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Moffitt Fighting Robocalls That Target Patients, Doctors

A beige landline phone sits on a desktop.
Karolina Kabat/Flikr
Scammers spoofing real phone numbers is so problematic in the health care industry that several medical providers recently spoke about it to Congress.

Moffitt Cancer Center & Research Institute in Tampa is one of many health care providers around the country reporting an uptick in roboballs.

Scammers spoofing real phone numbers is so problematic that several medical providers – including Moffitt – recently spoke about the issue to Congress.


At the legislative hearing, Dave Summit, chief information security office for Moffitt, said that from about February through April of this year alone, Moffitt got nearly 7,000 external calls identified as a Moffitt internal phone number.

It took employees 65 hours to respond to these. And over a 30-day period, there were more than 300 calls made to the center under the guise of the U.S. Department of Justice.

These calls show up on caller ID as a health care facility. If you search the number online, it’s that facility’s real number.

Sometimes, the scammers are just looking to make a quick buck. They might tell you that you missed a payment, or need to fulfill your deductible. Other times the real target is data.

And these calls aren't just a nuisance when they target doctors and patients - they're potentially dangerous.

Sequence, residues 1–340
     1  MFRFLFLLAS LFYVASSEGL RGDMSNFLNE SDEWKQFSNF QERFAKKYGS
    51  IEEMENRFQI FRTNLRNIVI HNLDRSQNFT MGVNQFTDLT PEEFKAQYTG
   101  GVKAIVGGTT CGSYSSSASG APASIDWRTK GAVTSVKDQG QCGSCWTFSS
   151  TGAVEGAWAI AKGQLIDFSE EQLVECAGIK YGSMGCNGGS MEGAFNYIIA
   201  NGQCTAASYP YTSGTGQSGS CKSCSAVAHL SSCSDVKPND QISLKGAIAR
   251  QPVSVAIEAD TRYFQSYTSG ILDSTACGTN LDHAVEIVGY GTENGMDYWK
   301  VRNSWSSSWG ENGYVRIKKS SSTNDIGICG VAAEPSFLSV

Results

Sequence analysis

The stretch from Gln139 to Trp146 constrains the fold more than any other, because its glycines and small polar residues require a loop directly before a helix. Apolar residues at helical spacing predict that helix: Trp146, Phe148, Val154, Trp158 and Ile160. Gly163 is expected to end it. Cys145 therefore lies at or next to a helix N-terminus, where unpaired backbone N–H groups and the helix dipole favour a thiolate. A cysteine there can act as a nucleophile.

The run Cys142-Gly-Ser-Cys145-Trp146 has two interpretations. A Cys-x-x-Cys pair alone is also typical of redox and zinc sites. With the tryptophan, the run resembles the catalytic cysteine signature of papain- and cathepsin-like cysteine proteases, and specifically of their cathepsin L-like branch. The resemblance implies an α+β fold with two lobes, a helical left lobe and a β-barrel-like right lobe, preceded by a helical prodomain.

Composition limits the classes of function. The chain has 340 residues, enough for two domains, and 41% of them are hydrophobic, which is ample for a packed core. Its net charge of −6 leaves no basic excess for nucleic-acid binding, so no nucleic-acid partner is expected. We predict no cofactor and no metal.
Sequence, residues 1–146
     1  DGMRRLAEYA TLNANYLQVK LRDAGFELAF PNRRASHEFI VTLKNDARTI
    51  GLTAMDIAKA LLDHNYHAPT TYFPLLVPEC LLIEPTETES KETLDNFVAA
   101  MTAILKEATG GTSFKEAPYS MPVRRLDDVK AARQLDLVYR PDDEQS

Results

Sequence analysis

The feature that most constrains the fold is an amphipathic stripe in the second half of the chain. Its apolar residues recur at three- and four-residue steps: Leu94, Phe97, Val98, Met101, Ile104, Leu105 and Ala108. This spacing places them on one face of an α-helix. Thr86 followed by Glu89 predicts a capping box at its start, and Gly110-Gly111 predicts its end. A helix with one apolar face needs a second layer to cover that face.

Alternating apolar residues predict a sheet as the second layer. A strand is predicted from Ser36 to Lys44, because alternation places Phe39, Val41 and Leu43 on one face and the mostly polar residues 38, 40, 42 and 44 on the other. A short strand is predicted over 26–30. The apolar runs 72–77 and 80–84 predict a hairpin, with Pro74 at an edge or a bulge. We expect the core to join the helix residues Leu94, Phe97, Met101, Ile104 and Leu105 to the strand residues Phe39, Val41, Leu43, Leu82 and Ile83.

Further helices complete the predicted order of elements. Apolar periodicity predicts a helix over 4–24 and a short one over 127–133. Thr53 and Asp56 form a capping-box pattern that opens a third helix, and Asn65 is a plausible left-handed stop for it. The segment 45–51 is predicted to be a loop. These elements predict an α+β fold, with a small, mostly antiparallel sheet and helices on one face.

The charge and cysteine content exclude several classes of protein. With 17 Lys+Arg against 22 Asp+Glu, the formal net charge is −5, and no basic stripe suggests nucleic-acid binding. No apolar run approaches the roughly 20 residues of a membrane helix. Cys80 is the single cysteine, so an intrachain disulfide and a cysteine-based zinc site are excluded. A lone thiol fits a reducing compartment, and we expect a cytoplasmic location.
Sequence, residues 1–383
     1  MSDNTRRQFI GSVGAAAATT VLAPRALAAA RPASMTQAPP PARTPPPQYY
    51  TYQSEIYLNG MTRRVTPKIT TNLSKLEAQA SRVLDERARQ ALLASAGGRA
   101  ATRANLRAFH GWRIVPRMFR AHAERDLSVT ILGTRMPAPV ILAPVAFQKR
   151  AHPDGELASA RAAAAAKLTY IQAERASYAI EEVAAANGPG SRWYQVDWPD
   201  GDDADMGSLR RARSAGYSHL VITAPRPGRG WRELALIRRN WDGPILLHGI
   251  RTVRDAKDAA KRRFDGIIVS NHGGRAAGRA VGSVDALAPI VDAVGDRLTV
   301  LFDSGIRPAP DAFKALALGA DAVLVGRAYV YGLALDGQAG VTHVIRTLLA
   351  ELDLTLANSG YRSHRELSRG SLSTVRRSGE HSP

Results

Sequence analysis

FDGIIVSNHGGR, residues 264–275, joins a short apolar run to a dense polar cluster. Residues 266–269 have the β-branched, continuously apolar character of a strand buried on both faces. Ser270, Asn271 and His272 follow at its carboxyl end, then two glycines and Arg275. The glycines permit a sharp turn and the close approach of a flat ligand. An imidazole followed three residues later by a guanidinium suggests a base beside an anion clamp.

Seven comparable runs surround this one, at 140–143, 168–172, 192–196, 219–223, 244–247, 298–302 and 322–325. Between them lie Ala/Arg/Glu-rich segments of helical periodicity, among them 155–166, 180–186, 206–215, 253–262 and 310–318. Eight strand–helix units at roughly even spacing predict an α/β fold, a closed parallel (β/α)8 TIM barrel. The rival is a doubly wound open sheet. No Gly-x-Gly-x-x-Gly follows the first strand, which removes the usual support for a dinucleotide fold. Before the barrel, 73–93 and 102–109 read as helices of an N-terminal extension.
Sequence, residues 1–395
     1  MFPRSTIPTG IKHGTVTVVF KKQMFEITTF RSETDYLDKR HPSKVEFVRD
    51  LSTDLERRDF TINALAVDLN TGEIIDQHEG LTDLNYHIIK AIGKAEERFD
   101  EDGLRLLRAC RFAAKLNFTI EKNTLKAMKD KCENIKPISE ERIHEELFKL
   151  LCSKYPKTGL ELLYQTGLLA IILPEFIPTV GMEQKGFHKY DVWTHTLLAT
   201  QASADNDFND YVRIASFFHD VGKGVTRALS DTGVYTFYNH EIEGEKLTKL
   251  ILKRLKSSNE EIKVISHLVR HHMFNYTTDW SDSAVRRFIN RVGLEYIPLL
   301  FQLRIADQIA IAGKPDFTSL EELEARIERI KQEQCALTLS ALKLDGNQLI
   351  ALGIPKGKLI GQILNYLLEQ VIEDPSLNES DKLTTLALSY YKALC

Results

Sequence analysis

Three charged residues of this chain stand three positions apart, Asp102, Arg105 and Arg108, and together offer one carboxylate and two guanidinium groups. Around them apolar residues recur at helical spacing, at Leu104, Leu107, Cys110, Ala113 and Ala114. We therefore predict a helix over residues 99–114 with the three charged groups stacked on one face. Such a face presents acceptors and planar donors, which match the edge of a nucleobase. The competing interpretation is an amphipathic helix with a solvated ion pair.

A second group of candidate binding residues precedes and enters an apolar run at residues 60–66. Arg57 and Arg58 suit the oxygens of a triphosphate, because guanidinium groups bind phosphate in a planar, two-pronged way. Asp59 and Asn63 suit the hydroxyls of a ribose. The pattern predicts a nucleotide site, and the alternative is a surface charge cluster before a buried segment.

Summit said calls tie up phone lines that could be used for helping patients, and could lead to a “denial of service” against their telecommunication systems, which in turn could shut them down.

“It's not out of the realm of possibility where a bad actor could then take down someone's telecom, hold it ransom until you made the payment, and let the telecom system go,” Summit said. “And that was one of the major concerns we're having in health care at the moment.”

And when scammers successfully get personal information from doctors or patients, they could use that date – sometimes months or years later – to commit Medicare and Medicaid fraud.

"Or even in cases where they're reselling identities that best match another individual for your health,” Summit said. “And that person can go to another facility somewhere and pose as you, get their health care, and walk out. And then guess who's stuck with the bill?"

It could also endanger a patient’s health down the road.

"If that data is ever pulled up, then they're going to see a treatment that appeared to be on you that is not on you,” Summit said. “It's on someone else and could influence the decision of that physician (to give you treatment)."

Summit said if you suspect a call is not legitimate, you should ask the caller for a number to call them back on. If they try to claim it’s important to answer the questions now, it’s a scam. Or, he said, you can just hang up and call the provider directly to confirm it's actually them. 

Summit said the Senate Special Committee on Aging will be discussing this issue next month, since most of the people who fall for these types of scams are elderly.

I took my first photography class when I was 11. My stepmom begged a local group to let me into the adults-only class, and armed with a 35 mm disposable camera, I started my journey toward multimedia journalism.
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